The GMA said earlier this week that Americans are filling their shopping carts with healthier foods and drinks, particularly whole grains. Philippa Nuttall spoke to one firm to see whether they had experienced an increase in sales of fiber-rich ingredients.
In the survey of primary grocery shoppers carried out by the Grocery Manufacturers of America, 73 percent of respondents said they were buying more nutritious and healthy foods and beverages than in the past.
Moreover, products made with whole, unrefined grains topped the list of healthy products reaching the shopping basket, with 66 percent of consumers saying they bought fiber rich food and drink.
John Bodner, senior manager of applications and market development at the German ingredients firm J Rettenmaier told FoodIngredientsUSA.com that although he saw fiber ingredient sales at their highest a year ago, the US market is still buoyant and growing.
"We certainly saw a peak of fiber ingredient sales when the low-carb trend was at its peak, but this market is still increasing - particularly in R&D terms - compared to two years ago," he said.
Bodner estimated that the market for fiber ingredients was still growing in double-digits at over 10 percent. He suggested that the biggest growth was from the baking industry, buying ingredients for products such as tortilla and flat breads, which have moved from ethnic stores to the shelves of mainstream shops.
"People now want high-fiber and low-calorie varieties of these products," said Bodner.
And, according to him, demand is coming from companies across the board.
"All companies are getting involved from small privately held ones to some of the largest food companies, who are looking at low-cal / high-fiber and whole grain products to improve the nutritional profile of their products."
He believes that there are several reasons for an increase in demand for high-fiber and whole grain products, not least the push in the latest update of the dietary guidelines for Americans for consumers to eat more of these food.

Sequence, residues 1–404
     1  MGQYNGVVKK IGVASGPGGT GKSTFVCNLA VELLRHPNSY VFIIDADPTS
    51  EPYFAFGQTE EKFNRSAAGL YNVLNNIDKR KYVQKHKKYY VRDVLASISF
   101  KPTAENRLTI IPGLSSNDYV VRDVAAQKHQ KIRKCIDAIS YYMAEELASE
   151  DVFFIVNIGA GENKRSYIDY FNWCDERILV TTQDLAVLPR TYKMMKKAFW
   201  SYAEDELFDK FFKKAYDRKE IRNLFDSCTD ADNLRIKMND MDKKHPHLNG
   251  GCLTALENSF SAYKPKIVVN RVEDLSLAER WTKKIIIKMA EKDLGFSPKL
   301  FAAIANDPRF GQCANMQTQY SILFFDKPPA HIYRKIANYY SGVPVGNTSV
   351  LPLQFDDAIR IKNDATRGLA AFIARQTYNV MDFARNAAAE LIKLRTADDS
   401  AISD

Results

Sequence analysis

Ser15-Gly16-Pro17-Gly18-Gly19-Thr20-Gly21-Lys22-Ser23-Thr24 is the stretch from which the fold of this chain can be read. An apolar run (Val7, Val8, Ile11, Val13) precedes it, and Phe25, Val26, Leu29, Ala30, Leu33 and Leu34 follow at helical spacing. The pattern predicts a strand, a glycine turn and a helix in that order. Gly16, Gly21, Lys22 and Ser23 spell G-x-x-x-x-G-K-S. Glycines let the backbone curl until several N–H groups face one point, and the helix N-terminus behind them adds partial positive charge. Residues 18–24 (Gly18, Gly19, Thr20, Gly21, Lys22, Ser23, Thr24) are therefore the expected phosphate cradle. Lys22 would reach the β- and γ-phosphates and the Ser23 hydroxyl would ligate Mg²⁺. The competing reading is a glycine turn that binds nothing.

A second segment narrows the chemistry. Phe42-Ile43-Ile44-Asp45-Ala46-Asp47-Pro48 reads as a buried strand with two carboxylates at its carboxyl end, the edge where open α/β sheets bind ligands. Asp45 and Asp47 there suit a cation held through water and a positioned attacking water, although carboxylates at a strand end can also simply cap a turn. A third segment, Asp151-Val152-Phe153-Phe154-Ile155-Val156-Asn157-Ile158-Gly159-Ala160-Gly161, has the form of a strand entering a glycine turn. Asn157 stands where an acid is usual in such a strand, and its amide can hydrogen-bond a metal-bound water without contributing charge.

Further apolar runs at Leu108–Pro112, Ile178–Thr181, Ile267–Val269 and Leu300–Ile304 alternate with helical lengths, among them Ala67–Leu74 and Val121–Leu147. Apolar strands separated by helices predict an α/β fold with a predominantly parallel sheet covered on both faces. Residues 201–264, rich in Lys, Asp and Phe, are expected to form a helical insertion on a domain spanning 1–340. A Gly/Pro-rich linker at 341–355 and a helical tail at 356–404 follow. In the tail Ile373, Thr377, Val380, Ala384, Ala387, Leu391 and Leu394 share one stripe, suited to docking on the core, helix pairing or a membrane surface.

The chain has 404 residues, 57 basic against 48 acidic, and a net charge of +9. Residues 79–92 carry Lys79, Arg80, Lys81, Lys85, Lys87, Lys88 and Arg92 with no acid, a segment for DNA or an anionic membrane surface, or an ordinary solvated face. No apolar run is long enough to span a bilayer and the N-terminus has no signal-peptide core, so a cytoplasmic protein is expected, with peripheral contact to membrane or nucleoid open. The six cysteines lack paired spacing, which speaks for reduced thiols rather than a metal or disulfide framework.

Moreover, Bodner thinks it is a way for food companies to distinguish their products from the crowd and add value.
"Everyone is spending R&D resources on this. I was with one of the top five food companies a week or two ago and they had a project looking at the nutritional improvements they can make to mainstream products."
He believes companies see the key to success when making healthier foods and drinks is to take a mainstream product and change it, like putting Benecol in margerine.
"It's what they can do with a mainstream product to make it a little different and squeeze a bit more margin out of it," he added.
The latest figures from Productscan Online's database also seem to indicate that new products with high-fiber claims are at least holding onto the ground they won last year. In the first two and a half months of this year, 4 percent of all new foods launched in the US were said to be high in fiber, this is compared to 5.4 percent last year and 3.5 percent in 2003.
And a search in the database revealed 33 hits for new foods claiming to contain whole grains between the beginning of January and 14 March, this is compared to 150 hits for the whole of 2004 and 100 for 2003.
"It looks as if 2005 will be at or near a record for hits on whole whole grains though the year is still young," said Tom Vierhile, director of Productscan Online.